Happy Mothers Breastfed Babies
Help 
  Forgot Your LLLID? or Create Your LLLID Here
La Leche League International
To Find local support:  Or: Use the Map




Little Miracles

Miguelina G.-M.
NY USA
From NEW BEGINNINGS, Vol. 19 No. 3, May-June 2002, p. 97

Once I discovered that I was pregnant with twins, I was told by my doctor about the possibility of delivering early. After my first sonogram it became an absolute certainty. Sixteen weeks into the pregnancy I was officially diagnosed with having a monoamniotic-monochorionic twin pregnancy. According to the doctors most twins have a membrane separating one baby from another, preventing cord entanglement and cord compression. Mono-mono twins lack this membrane and there's a very high risk of losing one or both babies. This condition is very rare, and during pregnancy the babies require a lot of fetal monitoring in order to catch a problem before it can become fatal.

Twenty-four weeks into the pregnancy I was transferred to the high-risk clinic at Mt. Sinai Hospital, where non-stress tests were ordered by my doctor and performed three times each week in order to provide closer monitoring of my babies. At 28 weeks I was hospitalized for 24-hour fetal monitoring of my babies. Fetal monitors were placed on my abdomen and constant bed rest required. The labor and delivery clinic was truly wonderful. While there, I was given a tour of the NICU by the head of the department and also a description of what to expect if my babies were born early. At 32 weeks I had a scheduled cesarean section. Thank goodness they were both born healthy and breathing on their own! Jade weighed in at three pounds and 14 ounces and was on oxygen for about an hour. Blyss weighed four pounds, five ounces and was on oxygen for two days.

They were placed in the neonatal intensive care unit as "gainers and growers."

Coping with my babies being in the neonatal intensive care unit was very difficult, as I'm sure it is for all parents going through this type of situation, but the staff at Mt. Sinai certainly made a tough time easier to deal with. The nurses were always very helpful and courteous in addressing any questions or comments I had about my daughters and their care, and there was always a constant source of support coming from social workers, NICU mothers' support groups, and doctors, among others. I had planned on breastfeeding and found the lactation consultants to be enormously helpful and full of information and patience in coaching me. On my second day in the hospital I was given a double breast pump so that I could get started on producing milk for my babies. I pumped every three hours on schedule and the milk was given to my babies by a tube inserted in their mouths/noses.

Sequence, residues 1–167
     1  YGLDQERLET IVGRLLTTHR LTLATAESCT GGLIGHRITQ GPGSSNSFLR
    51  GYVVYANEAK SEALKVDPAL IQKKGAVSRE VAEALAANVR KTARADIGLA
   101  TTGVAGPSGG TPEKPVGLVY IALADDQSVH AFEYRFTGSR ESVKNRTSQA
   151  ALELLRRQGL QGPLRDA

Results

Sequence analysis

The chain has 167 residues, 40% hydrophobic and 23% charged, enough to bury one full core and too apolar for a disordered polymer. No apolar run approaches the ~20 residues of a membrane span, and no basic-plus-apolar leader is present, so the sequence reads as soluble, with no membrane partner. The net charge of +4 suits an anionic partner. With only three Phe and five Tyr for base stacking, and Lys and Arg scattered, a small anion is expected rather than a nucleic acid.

Dealing with them being in the NICU was stressful. One of the greatest things that helped my family and me through the ordeal has been our spirituality. I remember talking to my girls and telling them to eat well and be strong, that their daddy and I were waiting for them to come home, that their big sister was waiting to play with them and love them.

Keeping a journal of my babies' progress in the NICU was essential for me. I remember calling the hospital and recording their weight, food intake, and oxygen levels on a daily basis and recording it in a special book of memoirs that I have for them. At about four weeks of age my daughters were discharged from the NICU and my husband and I were truly thrilled. We were both ecstatic and nervous about what life would be like with them at home.

The hospital had arranged for a grant so that I would be able to rent the hospital-grade breast pump free for one month. This worked out well while my babies were in the NICU for that amount of time. I was able to provide milk for them and maintain a good supply while I was away from them. When my girls came home, I found that nursing and pumping are two different processes! The first few days home they were going through a growth spurt in addition to becoming accustomed to nursing full time. We got through it and nursing has been a pleasure since then. I stayed home with my babies until they were three months old before returning to work, and I was determined to breastfeed my daughters for an indefinite amount of time.

Breastfeeding was something that I really wanted to do with the twins. I read everything that I could find on the subject. Thankfully I found lots of information on the Internet, especially on www.lalecheleague.org. There are also many books, such as LLL's MOTHERING MULTIPLES by Karen Gromada (Available from the LLLI Online Store.), clubs, and newsletters available on nursing and mothering multiples. These resources were helpful to me because I was relatively new at breastfeeding. I had nursed my oldest daughter until she was four months old but did not continue due to lack of information, experience, and support. It takes a lot of determination and drive to breastfeed. I've experienced many raised eyebrows, incredulous smiles, and not-too-nice comments about why I've decided to breastfeed and whether it is the best.

My daughters have been exclusively breastfed for eleven months now and are still going strong. We've had our ups and downs but I feel that I have given them the best possible start. They are happy and healthy and in the end that is what is important to me. I have no regrets about my decision to breastfeed and I also plan to breastfeed any future children. The twins are doing perfectly and developing quite well. As I write this, Blyss weighs fifteen pounds, eleven ounces and Jade weighs fifteen. They spend their days "talking," standing, crawling, and smiling. Each day my family and I give special thanks for what we proudly call our little miracles. Just looking at them helps me realize it was all worth it!

Last updated Tuesday, October 3, 2006 by njb.
Page last edited .


Bookmark and Share